My son and I watch "Numbers" on Friday night together. (Actually, I watch it while he plays computer games and checks the plot periodically, but that's another story.) For those who don't follow the show, it revolves around a hard-bitten FBI agent whose brother, a math genius, improbably comes up with solutions for each week's episode. Both characters and their father (Judd Hirsch) are identifiably Jewish, although they equally improbably date a series of very beautiful women, all of whom appear to be either Indian or African-American, and none of whom they seem to marry, although the math genius was recently engaged.

The bad guys are frequently foreign, and this week's was as an Israeli, supposedly a renegade Mossad agent who was involved in some kind of identity theft scheme. Israeli, but not Jewish, at least not the way it is usually perceived: by which I mean, he hand none of the negative characteristics--cleverness, obsession with money, etc.--associated with antisemitic stereotypes. Instead he was violent, maniacal, and thoroughly ruthless, albeit not sufficiently so to avoid being outsmarted in the end. The Ugly Israeli, that is; but by no means the Dirty Jew.

I suppose one should be happy to see the image change in this way. Given a choice between the Enemy of Humanity and a garden-variety thug, it's probably better to be the latter. But one can't help wondering: is this the best we can do? Has the Jewish future really come to a choice between intermarriage, on the one hand, and mindless, self-destructive violence on the other? Maybe one of the characters will meet an Israeli girl.

Sunday, November 01, 2009

the right wins (for the moment) in new york 23

The conservative wing, or torso, of the Republican Party seems to have won out as moderate Dede Scozzafava--an Italian name which appears to mean "shuffle the beans"--has dropped out of the congressional race in NY23 in favor of conservative Doug Hoffman. For anyone who's not a political junkie, Scozzafava is (or was) the party-endorsed candidate until a huge national campaign was launched on Hoffman's behalf by conservative activists, talk show hosts, and (of late) Republican politicians, notably Sarah Palin, causing her to suspend campaigning this weekend. The election now seems to be between Hoffman and Democrat Bill Owens, although the whole thing will probably be replayed next year.

As a moderate Republican myself, I probably should feel bad about Scozzafava dropping out, and indeed--as Newt Gingrich and others have pointed out--second-guessing local party officials is not usually the best way to win elections. That said I find entertaining, to say the least, the laments of liberals like Frank Rich complaining that Republican "Stalinists" (there's a thought) are committing political suicide by helping candidates who share their political views rather than those who don't. There is, for the record, nothing wrong with people outside a district supporting candidates of their choice: Democrats do it all the time, most notably in Connecticut, and indeed entire websites exist for the purpose of helping "progressive" candidates with external funds. Nor was Scozzafava merely a libertarian: she appears to have supported the stimulus package and (according to some reports) "card check" legislation as well as abortion, gay rights, and so forth.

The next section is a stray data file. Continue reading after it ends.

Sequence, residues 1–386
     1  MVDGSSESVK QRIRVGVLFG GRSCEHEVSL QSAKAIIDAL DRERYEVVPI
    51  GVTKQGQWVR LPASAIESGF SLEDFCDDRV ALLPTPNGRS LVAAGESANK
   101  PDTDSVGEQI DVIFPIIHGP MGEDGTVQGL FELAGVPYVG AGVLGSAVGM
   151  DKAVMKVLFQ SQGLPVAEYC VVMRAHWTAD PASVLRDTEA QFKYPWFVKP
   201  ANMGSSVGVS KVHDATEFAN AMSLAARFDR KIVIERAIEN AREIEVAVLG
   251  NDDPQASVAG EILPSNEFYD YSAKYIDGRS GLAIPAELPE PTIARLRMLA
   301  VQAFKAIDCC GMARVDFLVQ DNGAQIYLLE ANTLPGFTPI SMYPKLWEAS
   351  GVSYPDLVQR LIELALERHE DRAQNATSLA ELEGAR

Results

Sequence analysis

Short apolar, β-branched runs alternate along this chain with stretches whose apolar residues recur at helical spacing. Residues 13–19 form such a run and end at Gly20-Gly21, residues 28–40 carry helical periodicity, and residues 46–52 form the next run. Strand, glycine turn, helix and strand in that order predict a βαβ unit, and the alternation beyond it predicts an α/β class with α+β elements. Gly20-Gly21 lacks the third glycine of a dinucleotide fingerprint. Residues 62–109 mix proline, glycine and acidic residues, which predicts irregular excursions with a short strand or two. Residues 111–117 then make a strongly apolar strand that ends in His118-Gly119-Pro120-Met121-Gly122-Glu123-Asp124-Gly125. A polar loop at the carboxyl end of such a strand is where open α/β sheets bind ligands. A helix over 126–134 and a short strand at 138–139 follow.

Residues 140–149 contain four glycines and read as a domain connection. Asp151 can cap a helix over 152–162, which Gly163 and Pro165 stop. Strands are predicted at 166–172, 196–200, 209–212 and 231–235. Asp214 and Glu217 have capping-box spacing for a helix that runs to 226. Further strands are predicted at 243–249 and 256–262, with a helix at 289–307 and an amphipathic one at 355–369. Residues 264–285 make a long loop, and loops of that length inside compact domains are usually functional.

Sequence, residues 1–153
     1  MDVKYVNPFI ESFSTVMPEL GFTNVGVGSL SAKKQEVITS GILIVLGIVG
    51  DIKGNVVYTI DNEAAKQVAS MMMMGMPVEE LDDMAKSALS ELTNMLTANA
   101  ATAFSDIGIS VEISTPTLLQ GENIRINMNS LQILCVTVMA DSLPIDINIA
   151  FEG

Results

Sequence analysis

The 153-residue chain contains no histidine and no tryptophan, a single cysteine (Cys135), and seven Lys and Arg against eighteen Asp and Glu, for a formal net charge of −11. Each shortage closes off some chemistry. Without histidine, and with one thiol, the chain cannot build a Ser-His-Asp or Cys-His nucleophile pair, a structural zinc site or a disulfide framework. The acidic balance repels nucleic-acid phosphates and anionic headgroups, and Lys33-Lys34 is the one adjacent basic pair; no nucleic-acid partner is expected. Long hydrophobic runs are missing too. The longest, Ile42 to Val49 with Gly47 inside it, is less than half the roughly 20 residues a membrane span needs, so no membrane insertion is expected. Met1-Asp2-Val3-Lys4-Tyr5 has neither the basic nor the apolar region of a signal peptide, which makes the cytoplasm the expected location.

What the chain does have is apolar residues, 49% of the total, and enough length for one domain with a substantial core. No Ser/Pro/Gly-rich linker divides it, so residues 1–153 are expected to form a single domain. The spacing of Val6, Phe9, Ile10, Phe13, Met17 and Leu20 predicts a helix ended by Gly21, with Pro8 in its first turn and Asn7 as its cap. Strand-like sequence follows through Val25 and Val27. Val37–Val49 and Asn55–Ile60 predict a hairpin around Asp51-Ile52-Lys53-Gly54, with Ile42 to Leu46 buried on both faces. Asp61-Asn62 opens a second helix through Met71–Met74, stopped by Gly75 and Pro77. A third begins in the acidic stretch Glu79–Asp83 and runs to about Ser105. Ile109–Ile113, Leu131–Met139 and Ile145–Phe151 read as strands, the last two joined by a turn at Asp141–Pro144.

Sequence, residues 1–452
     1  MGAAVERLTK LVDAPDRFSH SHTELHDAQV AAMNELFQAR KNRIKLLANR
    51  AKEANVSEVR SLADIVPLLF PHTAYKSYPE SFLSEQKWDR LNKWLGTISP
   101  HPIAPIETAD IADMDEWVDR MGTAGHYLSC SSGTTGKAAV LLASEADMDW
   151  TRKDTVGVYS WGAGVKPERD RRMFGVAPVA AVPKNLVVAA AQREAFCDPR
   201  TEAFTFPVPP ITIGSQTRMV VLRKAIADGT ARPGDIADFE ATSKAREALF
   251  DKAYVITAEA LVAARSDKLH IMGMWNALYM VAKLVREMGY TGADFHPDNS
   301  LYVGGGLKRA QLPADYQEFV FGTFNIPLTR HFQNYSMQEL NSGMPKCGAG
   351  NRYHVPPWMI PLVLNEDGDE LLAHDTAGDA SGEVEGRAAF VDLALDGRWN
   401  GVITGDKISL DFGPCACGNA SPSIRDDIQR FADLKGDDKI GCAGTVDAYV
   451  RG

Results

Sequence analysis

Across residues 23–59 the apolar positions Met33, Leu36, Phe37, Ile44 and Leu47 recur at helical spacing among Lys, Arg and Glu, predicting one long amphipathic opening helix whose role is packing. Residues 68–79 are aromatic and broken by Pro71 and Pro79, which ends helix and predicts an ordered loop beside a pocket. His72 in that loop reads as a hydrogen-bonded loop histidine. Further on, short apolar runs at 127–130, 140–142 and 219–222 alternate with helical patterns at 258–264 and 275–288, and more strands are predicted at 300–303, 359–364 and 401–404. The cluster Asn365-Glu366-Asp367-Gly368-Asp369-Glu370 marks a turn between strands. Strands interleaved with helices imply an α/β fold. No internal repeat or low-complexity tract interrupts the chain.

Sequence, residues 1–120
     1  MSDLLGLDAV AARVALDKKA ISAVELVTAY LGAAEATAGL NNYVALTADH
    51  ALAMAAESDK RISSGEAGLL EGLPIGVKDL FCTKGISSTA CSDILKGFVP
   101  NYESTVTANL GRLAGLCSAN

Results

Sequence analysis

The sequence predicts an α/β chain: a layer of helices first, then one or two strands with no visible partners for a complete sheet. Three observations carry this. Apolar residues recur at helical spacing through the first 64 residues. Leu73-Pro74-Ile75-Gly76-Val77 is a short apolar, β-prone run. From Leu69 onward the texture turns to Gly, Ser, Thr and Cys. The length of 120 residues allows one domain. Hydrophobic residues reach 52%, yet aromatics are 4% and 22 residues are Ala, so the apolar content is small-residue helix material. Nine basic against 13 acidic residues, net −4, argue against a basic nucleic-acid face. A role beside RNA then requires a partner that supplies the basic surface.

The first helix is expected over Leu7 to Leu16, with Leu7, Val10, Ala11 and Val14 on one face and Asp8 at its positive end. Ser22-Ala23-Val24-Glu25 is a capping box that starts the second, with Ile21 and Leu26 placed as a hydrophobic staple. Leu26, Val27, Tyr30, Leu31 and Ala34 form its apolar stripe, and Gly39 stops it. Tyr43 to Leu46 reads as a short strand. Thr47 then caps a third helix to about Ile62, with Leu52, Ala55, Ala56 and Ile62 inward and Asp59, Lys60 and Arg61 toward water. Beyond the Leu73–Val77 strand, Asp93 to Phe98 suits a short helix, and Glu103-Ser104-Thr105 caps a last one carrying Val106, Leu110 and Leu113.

What is particularly interesting is that Democrats should be so solicitous of Republican fortunes. The real fear, of course, is not that conservative Republicans will lose, but that they will win, denying Democrats the ability to claim "bipartisan" support for what are pretty clearly partisan, liberal policies. Indeed, while Scozzafava looked a sure loser, Hoffman has lately been surging in the district: what will Democrats say if he wins?

Note: Scozzafava endorsed the Democrat (Owens) today, which should make everyone believe whatever they previously believed even more strongly.

phils and yanks: on to game four

Well the Phillies either win tonight or they're--should I say we're--in big trouble. I think they will, but they will have to up the level of their game, and intensity, considerably in order to do so. Oddly enough the Yankees, they of the $300 million payroll, are playing like they want it more than our home-town, working class heroes. Throughout the last few seasons the Phillies have played best when their backs were to the wall. They're not quite there, but they're close, let's hope they don't wait until it's too late.

On the subject of intensity: I don't have anything against Cliff Lee needing four days rest, but I can't help noting how things have changed. When I was a kid, Sandy Koufax pitched Game Seven on TWO days rest, and won. On the other hand, the Orioles beat him twice in one World Series, so no one--not Sabathia, not Burnett-- no one is unbeatable. A lesson the Phillies should remember in the big game tonight . . . and tomorrow.

Addendum: a friend points out that Koufax lost only once to the Orioles and Don Drysdale twice; also that three errors in one inning by Willie Davis were largely at fault. I think both Koufax and Drysdale pitched on two days rest on various occasions. Too late for the Phillies, anyway.